SFIO, PCF, unions and African nationalists divert the struggle of the working class
The railway workers’ strike that ended in March 1948 took place in an atmosphere of great political turmoil following the referendum giving birth to the “Union Francaise”.6 Hence the actions of the railway workers acquired a highly political dimension, obliging all the political colonial forces and those in favour of independence to tactically position themselves either in favour or against the strikers’ demands. So the PCF was seen hiding behind the CGT to sabotage the strike movement, while the SFIO in power attempted to suppress the movement using every possible means. For their part, Leopold Sedar Senghor and Sekou Toure, two rival Pan-Africanists who would become presidents of Senegal and Guinea respectively, openly declared themselves in support of the demands of the railway workers.
But the day after the strikers’ victory, the left forces and African nationalists clashed, each claiming to be for the working class. By exploiting the struggles of the working class to serve their own interests, they managed to divert the autonomous struggle of the proletariat from its real class objectives.
Thus, the unions took up the question of the Labour Code to poison relations between workers. Indeed, through this “code”, the French social legislation had established a real geographic and ethnic discrimination in the colonies: firstly, between workers of European origin and workers of African origin and secondly, between those hailing from different colonies, even between citizens of the same country.7 It turned out that the SFIO (forerunner to today’s French Socialist Party), which had promised the abolition of the iniquitous Labour Code in 1947, prevaricated until 1952, providing the unions, particularly those in favour of African independence, to focus the workers’ demands exclusively on this question by systematically raising the slogan of “equal rights for white and black”. This idea of equal rights and negotiating with Africans was openly opposed by the most backward European union, the CGT, and we should say that in this situation the CGT played a particularly despicable role insofar as it justified its position by the support it gained from its opposition.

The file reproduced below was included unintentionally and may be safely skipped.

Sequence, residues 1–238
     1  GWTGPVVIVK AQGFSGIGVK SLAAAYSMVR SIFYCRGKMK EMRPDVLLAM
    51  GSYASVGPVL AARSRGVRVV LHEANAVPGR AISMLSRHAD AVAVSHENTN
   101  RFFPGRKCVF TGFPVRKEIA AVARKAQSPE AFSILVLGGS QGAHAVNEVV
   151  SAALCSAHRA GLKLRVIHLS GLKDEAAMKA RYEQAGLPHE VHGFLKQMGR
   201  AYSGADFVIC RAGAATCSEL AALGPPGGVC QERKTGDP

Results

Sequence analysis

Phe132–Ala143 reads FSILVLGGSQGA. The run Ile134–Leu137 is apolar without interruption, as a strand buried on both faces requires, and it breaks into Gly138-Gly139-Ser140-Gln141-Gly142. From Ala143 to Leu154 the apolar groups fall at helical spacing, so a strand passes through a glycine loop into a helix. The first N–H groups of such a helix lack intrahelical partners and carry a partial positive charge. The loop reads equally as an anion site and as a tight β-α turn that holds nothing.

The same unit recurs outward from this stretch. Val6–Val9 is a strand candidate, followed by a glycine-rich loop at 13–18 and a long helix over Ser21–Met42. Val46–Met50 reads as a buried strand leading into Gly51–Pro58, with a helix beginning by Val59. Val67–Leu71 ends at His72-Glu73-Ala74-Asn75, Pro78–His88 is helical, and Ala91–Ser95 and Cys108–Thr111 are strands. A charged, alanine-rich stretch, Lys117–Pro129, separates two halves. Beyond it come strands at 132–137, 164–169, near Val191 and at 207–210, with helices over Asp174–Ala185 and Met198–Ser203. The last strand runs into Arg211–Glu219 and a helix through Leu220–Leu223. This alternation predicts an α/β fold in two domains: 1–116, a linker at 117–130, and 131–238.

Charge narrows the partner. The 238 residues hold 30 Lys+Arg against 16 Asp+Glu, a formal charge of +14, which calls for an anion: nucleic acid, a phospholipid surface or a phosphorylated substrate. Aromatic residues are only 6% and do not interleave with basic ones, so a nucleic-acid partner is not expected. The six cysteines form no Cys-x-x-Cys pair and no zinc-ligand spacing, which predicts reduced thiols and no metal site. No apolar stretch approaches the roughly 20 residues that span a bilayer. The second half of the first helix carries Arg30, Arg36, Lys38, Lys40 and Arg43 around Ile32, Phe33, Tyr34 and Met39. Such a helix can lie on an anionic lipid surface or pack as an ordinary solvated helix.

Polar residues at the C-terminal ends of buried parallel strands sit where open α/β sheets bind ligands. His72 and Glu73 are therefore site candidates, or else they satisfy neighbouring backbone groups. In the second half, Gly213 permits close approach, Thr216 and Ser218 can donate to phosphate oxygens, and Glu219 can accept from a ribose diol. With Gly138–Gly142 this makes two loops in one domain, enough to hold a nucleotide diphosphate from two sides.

Moreover, in response, the CGT militants of African origin8 decided to create their own union to defend the “specific rights” of African workers. All this gave rise to the formulation of increasingly nationalist and interclassist demands as this passage from the organisation’s rulebook illustrates:
“The concepts adopted [those of French metropolitan unionism] insufficiently illuminate the evolution and the tasks of economic and social progress in Africa, especially since, despite the contradictions existing between the various local social strata, colonial rule makes inappropriate any references to class struggle and avoids the dispersal of forces into doctrinal competition.”9
Thus the unions were able to pass the act effectively because, despite the persistence of a ceaseless militancy of the working class between 1947 and 1958, all the movements struggling for wage claims and in order to improve working conditions, were diverted into fighting colonial rule and winning “independence”. Clearly, during the movement of the railway workers in 1947-48, the working class of the colony of FWA still had the strength to successfully take the struggle onto the class terrain, on the other hand, subsequently the strikes were controlled and directed towards the objectives of the bourgeois forces, the unions and political parties. It was precisely this situation that was the springboard for Leopold Sedar Senghor and Sekou Toure to draw the people and the working class behind their own struggle for the succession to colonial rule. And after the countries of the FWA proclaimed their “independence”, the African leaders decided immediately to integrate the unions into the bosom of the state by assigning them the job of policing the workers; in short, they were watchdog for the interests of the new black bourgeoisie that was now in charge. This is clear from the words of President Senghor:
“Despite its service, because of its service, trade unionism must today change itself to have a more specific understanding of its precise role and its tasks. Because there are now well-organised political parties that represent the whole nation at the general political level, unionism must return to its natural role, which is primarily that of defending the purchasing power of its members… The conclusion to this analysis is that unions will broadly support the political programme of the majority party and its government.” 10
In short, the unions and political parties must share the same programme in order to defend the interests of the new ruling class. Union leader, David Soumah, echoed the words of Senghor:
“Our slogan during this (anti-colonial) struggle was that the unions didn’t take any responsibility for production, that they did not have to worry about the repercussions their demands would have on an economy’s development when it was managed in the sole interest of the colonial power and organised by it for the expansion of its own national economy. This position has become irrelevant following the accession of the African countries to national independence and a change of role has become necessary for the unions.”11
Consequently, during the first decade of “independence”, the proletariat of the former FWA was left without an effective class response, completely shackled by the new ruling class assisted by the unions in its anti-worker policy. It would be 1968 before we would see it re-emerge on the proletarian class terrain against its own bourgeoisie.